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I have denatured ethyl alcohol which was obtained this formula;

In 100 L ethyl alcohol there is 0.8 gr denatonium benzoate and 78 gr tert-Butyl alcohol.

Is there any way to obtain absolute ethyl alcohol from that mixture.

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    $\begingroup$ What applications are you conceiving needed absolute ethanol for? Most things I can think of (besides drinking and spectroscopy) should tolerate those two impurities. $\endgroup$ – Ben Norris Mar 15 '16 at 21:13
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    $\begingroup$ I'd never try to "undenature" ethyl alcohol to drink it. // Denaturants are chosen specifically to be hard to remove. The denatonium benzoate could probably be removed effectively by distillation which wouldn't remove the tert-Butyl alcohol which is poisonous for animals (including humans). $\endgroup$ – MaxW Mar 15 '16 at 21:32
  • $\begingroup$ I suggest purchasing Everclear (95% $\ce{EtOH}$) and using calcium chloride to dry it. $\endgroup$ – A.K. Mar 16 '16 at 16:22
  • $\begingroup$ To remove tert-butanol you could add hydrochloric acid to selectively produce tert-butyl chloride, which would be easier to separate. $\endgroup$ – A.K. Mar 16 '16 at 16:24
  • $\begingroup$ @A.K. after adding hydrochloric acid is it possible to remove mixture from tert-butyl chloride with distillation and also denatonium benzoate? and also how is it work other method with everclear? $\endgroup$ – Veysel Bekir Macit Mar 16 '16 at 17:45
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Does not address the specific question, but rather a comment on the original:

Use Benzene-Water-Ethanol ternary azeotrope (bp 64.9, 74.1% Benzene, 7.4% Water) to dehydrate Everclear. You'll need to add 10 times as much benzene as water, (therefore roughly half the total amount of liquid you are dehydrating). Adding excess benzene leads to the Benzene Ethanol azeotrope (bp 67.8, 67.6% benzene), so err on the side of slightly more than half the volume of alcohol.

Both of these azeotropes are well less than the bp 78,2 for ethanol, so with some good technical skill you will be able to distill this. You will lose roughly 15% of the alcohol in the azeotropes.

This is more laborious than using CaCl2.

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Please note that the following is not meant to be used as an instruction!

According to an article on Detection of Denatonium Benzoate (Bitrex) Remnants in Noncommercial Alcoholic Beverages by Raman Spectroscopy, published in J. Forensic Sci. 2014, 59, 1358-1363 (DOI), the manufacturers of illegal alcoholic beverages often use sodium hypochlorite ($\ce{NaOCl}$, household bleach) to remove the bitter taste of tax-free technical ethanol.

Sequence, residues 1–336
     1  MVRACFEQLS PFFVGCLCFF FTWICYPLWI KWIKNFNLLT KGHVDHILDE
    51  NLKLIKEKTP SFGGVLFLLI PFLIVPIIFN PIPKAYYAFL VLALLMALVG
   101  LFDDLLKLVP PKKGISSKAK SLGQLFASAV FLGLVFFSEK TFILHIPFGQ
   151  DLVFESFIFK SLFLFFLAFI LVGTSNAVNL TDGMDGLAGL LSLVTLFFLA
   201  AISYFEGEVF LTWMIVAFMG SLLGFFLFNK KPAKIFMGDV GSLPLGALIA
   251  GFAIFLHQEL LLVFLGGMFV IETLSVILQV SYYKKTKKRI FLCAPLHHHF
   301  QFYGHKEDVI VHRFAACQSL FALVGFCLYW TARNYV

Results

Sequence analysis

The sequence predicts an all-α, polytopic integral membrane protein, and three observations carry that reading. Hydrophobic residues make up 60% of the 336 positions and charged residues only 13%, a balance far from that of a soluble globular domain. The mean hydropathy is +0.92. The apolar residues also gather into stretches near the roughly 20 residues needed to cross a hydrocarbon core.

In the study above, the authors used legally available legal alcoholic beverages (vodka, cognac, etc.), and denatured/de-denatured them under controlled conditions:

The separate batch of purchased alcoholic beverages was denatured with 20 mg/L of denatonium benzoate, after which 1.33 mL/L sodium hypochlorite was added.

Spectroscopical measurement of the samples thus obtained clearly showed degradation products of the bitterant.

While hypochlorite treatment might be suitable to remove the bitter taste, this doesn't imply that the result is healthy or recommended to consume.

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  • $\begingroup$ The hypochlorite treatment wouldn't remove the tert-Butyl alcohol which is poisonous. $\endgroup$ – MaxW Mar 16 '16 at 6:05
  • $\begingroup$ @MaxW "Poisonous" is a bit exaggerated, isn't it? LD50 (oral) is about 2.7g/kg in rats. It is H332 (harmful if inhaled), not H330 ot H331. $\endgroup$ – Klaus-Dieter Warzecha Mar 16 '16 at 6:21
  • $\begingroup$ actually I dont have problem with bitter taste. Other ingredients apart from ethanol brokes my sensitive calculation and almost impossible to find pure ethanol because of idiot regulation for tax here. There is only way to make own ethanol via fermantation. But takes a lot of time and so tiring for me. That is why I am asking is there a way remove other chemicals from the denatured alcohol. $\endgroup$ – Veysel Bekir Macit Mar 16 '16 at 16:53

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